Image Courtesy of NBC
By Chris Carey
Cue John Williams’ Olympic Fanfare, because all signs point to the commencement of 2020’s postponed Olympic games on July 23, 2021 in Tokyo, Japan. After significant deliberation, the International Olympic Committee (IOC), has decided that taking proper precautions for athlete safety and limiting fan presence, the Olympics will go on as planned.
In late March, the IOC announced that due to public health and safety concerns associated with COVID-19, the 2020 Summer Olympics would be postponed to the summer of 2021 at the latest. Now, from July 23 until August 8, 2021, the Olympic games will proceed as planned, according to the IOC and Japanese officials.
The events are still technically the 2020 Summer Olympics although they will take place in 2021. These Olympics will see a wide array of disciplines with over 48 different events including the addition of Baseball/Softball, as well as a 3×3 Basketball event. Additionally, Surfing will be introduced at these games along with Sport Climbing and Skateboarding, all of which show a trend towards newer and more mainstream X-Games-esque sports at the prestigious Olympic Games.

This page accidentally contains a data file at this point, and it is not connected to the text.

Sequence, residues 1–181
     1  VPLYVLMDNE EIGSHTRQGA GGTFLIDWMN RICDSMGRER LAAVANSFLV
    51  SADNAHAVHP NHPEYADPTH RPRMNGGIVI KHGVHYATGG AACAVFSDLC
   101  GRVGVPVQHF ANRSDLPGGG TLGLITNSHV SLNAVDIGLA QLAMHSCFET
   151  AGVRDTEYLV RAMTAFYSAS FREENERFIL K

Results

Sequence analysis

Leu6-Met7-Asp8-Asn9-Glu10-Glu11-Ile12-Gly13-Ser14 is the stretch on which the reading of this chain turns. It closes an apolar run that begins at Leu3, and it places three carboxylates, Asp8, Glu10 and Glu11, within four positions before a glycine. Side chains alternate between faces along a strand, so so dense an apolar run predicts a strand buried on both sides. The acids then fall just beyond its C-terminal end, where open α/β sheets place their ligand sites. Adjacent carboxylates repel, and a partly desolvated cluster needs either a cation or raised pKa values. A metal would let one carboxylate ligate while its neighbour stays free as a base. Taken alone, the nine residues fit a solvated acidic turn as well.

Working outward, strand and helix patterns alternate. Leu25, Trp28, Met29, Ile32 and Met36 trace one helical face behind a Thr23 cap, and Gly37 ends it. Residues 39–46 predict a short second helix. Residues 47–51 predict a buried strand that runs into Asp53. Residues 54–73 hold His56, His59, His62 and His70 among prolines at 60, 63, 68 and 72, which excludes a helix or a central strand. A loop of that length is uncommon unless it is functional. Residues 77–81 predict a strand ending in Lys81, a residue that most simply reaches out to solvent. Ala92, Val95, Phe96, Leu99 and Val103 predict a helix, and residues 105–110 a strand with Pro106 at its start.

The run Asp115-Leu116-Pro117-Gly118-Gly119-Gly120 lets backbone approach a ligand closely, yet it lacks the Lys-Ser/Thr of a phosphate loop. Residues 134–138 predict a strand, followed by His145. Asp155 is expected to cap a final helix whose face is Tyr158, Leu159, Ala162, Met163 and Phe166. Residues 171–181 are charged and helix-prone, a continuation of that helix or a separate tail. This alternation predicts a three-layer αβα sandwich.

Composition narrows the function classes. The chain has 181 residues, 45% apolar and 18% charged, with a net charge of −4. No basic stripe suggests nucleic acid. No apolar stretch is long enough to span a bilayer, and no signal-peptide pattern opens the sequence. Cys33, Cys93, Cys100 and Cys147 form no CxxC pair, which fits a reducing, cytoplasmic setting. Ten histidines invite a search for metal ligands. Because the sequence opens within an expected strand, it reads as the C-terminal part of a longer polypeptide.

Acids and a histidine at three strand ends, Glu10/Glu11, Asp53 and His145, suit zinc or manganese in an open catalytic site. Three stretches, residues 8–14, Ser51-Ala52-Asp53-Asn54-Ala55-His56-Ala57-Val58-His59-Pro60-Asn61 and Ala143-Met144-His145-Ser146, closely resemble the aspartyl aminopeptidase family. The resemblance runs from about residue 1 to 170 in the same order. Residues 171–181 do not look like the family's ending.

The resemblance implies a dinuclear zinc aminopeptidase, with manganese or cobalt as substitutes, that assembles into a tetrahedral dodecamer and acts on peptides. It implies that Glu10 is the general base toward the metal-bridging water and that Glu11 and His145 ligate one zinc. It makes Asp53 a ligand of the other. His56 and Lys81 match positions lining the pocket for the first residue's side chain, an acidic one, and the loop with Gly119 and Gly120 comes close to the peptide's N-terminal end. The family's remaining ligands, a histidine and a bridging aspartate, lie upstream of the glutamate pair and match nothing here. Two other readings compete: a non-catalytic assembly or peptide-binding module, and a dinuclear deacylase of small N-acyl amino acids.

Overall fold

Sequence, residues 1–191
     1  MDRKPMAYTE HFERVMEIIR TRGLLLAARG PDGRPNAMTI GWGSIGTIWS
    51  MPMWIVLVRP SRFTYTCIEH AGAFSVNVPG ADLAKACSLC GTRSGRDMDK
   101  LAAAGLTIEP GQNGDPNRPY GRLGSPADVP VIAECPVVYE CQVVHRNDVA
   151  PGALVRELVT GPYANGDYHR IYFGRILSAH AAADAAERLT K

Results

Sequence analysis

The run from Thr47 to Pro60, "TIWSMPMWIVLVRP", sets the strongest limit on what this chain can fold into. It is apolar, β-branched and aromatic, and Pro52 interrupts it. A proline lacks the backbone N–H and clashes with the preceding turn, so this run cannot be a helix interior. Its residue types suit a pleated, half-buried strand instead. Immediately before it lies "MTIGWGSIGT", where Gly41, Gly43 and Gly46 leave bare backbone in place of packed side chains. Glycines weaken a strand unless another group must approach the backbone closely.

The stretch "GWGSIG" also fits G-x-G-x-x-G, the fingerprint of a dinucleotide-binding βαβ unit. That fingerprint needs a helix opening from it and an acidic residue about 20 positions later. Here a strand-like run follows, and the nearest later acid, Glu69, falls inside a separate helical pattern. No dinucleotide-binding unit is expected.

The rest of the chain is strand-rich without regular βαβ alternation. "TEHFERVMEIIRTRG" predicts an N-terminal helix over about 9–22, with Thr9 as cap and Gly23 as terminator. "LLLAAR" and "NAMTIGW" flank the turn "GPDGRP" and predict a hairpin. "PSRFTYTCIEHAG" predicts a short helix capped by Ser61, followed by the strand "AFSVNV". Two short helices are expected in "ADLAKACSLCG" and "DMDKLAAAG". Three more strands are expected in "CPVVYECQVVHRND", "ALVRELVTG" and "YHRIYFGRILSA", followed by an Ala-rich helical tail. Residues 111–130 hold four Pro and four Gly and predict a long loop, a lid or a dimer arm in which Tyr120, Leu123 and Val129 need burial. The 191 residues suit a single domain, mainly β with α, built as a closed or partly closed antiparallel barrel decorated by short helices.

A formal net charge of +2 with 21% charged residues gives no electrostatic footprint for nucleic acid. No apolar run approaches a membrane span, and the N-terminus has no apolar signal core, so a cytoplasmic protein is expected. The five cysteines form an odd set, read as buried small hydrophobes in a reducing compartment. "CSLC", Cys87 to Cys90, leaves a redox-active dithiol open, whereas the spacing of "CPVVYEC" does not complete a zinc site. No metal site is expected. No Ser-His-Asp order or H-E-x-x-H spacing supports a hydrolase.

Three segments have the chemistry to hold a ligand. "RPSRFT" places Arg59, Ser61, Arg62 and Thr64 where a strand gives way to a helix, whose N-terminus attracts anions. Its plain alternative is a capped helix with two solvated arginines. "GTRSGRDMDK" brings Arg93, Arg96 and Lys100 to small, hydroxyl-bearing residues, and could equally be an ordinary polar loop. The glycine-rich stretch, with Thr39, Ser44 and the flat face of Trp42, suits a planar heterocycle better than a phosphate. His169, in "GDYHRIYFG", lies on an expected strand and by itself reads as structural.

Aside from the innovations in the games themselves, there will also be significant changes in how the event is hosted with the pandemic in mind. On February 2, the first of a number of so-called Playbooks was released with specific information regarding how Tokyo will handle COVID-19, as well as expectations for individuals participating in the Games.
This initial playbook is geared towards International Federations and Technical Officials, who will organize and coordinate the teams from each participating nation. Ensuing playbooks will address athletes, teams, and other interested parties.
Similarly, there will be stringent guidelines regarding fan attendance, as established by officials in November of 2020. “We would like to be considerate of the spectators as much as possible while we take preventive measures at the same time to be able to accommodate as many spectators as possible,” said Toshiro Muto, CEO of the Olympic Organizing Committee.
In the nearly 125 year history of the modern Olympics, only World Wars I and II have given the IOC cause to cancel the games. As the Los Angeles Times reports, this is the first time they have been postponed since the modern Olympics began in 1896.
In a time where possibly more weight than ever is placed on events to take one’s mind off of reality, the Olympic Games present a fantastic opportunity for the world to come together in solidarity and experience a collective display of national and individual resilience and pride like no other.
Although there is still much to determine and much time before the late July launch of these Olympic Games, excitement and anticipation abound across the United States and the world at the prospect of engaging on an international stage and competing.
Much like the Greeks of ancient times, these Olympic Games represent a chance to put aside partisan divides, existential struggles, and petty differences to truly meet one another not only on the pitch or the field or the course, but to meet one another as fellow members of the human race.